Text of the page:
“But I am no slave,” he said aloud, and drawing himself up to his full stature —“no slave, in one respect, surely. I can change my abode — my father’s sword is mine, and Europe lies open before me, as before him and hundreds besides of my countrymen, who have filled it with the fame of their exploits. Perhaps some lucky chance may raise me to a rank with our Ruthvens, our Lesleys, our Monroes, the chosen leaders of the famous Protestant champion, Gustavus Adolphus, or, if not, a soldier’s life or a soldier’s grave.”

When he had formed this determination, he found himself near the door of his uncle’s house, and resolved to lose no time in making him acquainted with it.

“Another glance of Edith’s eye, another walk by Edith’s side, and my resolution would melt away. I will take an irrevocable step, therefore, and then see her for the last time.”

In this mood he entered the wainscotted parlour, in which his uncle was already placed at his morning’s refreshment, a huge plate of oatmeal porridge, with a corresponding allowance of butter-milk. The favourite housekeeper was in attendance, half standing, half resting on the back of a chair, in a posture betwixt freedom and respect. The old gentleman had been remarkably tall in his earlier days, an advantage which he now lost by stooping to such a degree, that at a meeting, where there was some dispute concerning the sort of arch which should be thrown over a considerable brook, a facetious neighbour proposed to offer Milnwood a handsome sum for his curved backbone, alleging that he would sell any thing that belonged to him. Splay feet of unusual size, long thin hands, garnished with nails which seldom felt the steel, a wrinkled and puckered visage, the length of which corresponded with that of his person, together with a pair of little sharp bargain-making grey eyes, that seemed eternally looking out for their advantage, completed the highly unpromising exterior of Mr Morton of Milnwood. As it would have been very injudicious to have lodged a liberal or benevolent disposition in such an unworthy cabinet, nature had suited his person with a mind exactly in conformity with it, that is to say, mean, selfish, and covetous.

When this amiable personage was aware of the presence of his nephew, he hastened, before addressing him, to swallow the spoonful of porridge which he was in the act of conveying to his mouth, and, as it chanced to be scalding hot, the pain occasioned by its descent down his throat and into his stomach, inflamed the ill-humour with which he was already prepared to meet his kinsman.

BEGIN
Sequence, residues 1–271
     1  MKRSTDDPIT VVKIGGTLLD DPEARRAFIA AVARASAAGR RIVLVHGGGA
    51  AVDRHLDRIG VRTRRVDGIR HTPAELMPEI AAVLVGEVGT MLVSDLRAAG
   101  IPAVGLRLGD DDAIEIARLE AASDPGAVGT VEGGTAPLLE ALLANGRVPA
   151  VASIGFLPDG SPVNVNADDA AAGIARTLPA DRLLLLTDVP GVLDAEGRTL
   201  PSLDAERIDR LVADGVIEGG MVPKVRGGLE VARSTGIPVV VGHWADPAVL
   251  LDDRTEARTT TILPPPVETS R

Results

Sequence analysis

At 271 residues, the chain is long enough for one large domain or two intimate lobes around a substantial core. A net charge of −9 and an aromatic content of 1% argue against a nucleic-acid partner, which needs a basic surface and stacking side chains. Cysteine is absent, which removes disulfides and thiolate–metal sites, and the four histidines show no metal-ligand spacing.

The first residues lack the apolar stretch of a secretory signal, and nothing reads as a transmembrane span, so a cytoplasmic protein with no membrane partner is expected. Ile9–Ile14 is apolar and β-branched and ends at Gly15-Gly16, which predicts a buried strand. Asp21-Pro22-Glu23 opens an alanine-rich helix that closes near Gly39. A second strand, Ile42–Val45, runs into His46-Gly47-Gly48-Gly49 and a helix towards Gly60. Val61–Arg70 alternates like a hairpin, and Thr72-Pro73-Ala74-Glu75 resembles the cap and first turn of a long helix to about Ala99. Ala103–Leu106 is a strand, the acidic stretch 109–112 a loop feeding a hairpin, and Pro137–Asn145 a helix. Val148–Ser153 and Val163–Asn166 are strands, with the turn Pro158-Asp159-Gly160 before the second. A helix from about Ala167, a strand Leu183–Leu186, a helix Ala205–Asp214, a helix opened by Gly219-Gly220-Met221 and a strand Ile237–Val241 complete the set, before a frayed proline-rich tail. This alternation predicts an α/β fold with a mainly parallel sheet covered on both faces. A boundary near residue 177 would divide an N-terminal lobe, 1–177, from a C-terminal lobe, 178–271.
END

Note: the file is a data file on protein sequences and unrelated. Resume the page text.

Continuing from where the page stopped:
“The deil take them that made them!” was his first ejaculation, apostrophizing his mess of porridge.

“They’re gude parritch eneugh,” said Mrs Wilson, “if ye wad but take time to sup them. I made them mysell; but if folk winna hae patience, they should get their thrapples causewayed.”

“Haud your peace, Alison! I was speaking to my nevoy. — How is this, sir? And what sort o’ scampering gates are these o’ going on? Ye were not at hame last night till near midnight.”

“Thereabouts, sir, I believe,” answered Morton, in an indifferent tone.

“Thereabouts, sir? — What sort of an answer is that, sir? Why came ye na hame when other folk left the grund?”

“I suppose you know the reason very well, sir,” said Morton; “I had the fortune to be the best marksman of the day, and remained, as is usual, to give some little entertainment to the other young men.”

“The deevil ye did, sir! And ye come to tell me that to my face? You pretend to gie entertainments, that canna come by a dinner except by sorning on a carefu’ man like me? But if ye put me to charges, I’se work it out o’ye. I seena why ye shouldna haud the pleugh, now that the pleughman has left us; it wad set ye better than wearing thae green duds, and wasting your siller on powther and lead; it wad put ye in an honest calling, and wad keep ye in bread without being behadden to ony ane.”

“I am very ambitious of learning such a calling, sir, but I don’t understand driving the plough.”

“And what for no? It’s easier than your gunning and archery that ye like sae weel. Auld Davie is ca’ing it e’en now, and ye may be goadsman for the first twa or three days, and tak tent ye dinna o’erdrive the owsen, and then ye will be fit to gang betweeu the stilts. Ye’ll ne’er learn younger, I’ll be your caution. Haggie-holm is heavy land, and Davie is ower auld to keep the coulter down now.”

“I beg pardon for interrupting you, sir, but I have formed a scheme for myself, which will have the same effect of relieving you of the burden and charge attending my company.”

“Ay? Indeed? a scheme o’ yours? that must be a denty ane!” said the uncle, with a very peculiar sneer; “let’s hear about it, lad.”

“It is said in two words, sir. I intend to leave this country, and serve abroad, as my father did before these unhappy troubles broke out at home. His name will not be so entirely forgotten in the countries where he served, but that it will procure his son at least the opportunity of trying his fortune as a soldier.”

“Gude be gracious to us!” exclaimed the housekeeper; “our young Mr Harry gang abroad? na, na! eh, na! that maun never be.”

Milnwood, entertaining no thought or purpose of parting with his nephew, who was, moreover, very useful to him in many respects, was thunderstruck at this abrupt declaration of independence from a person whose deference to him had hitherto been unlimited. He recovered himself, however, immediately.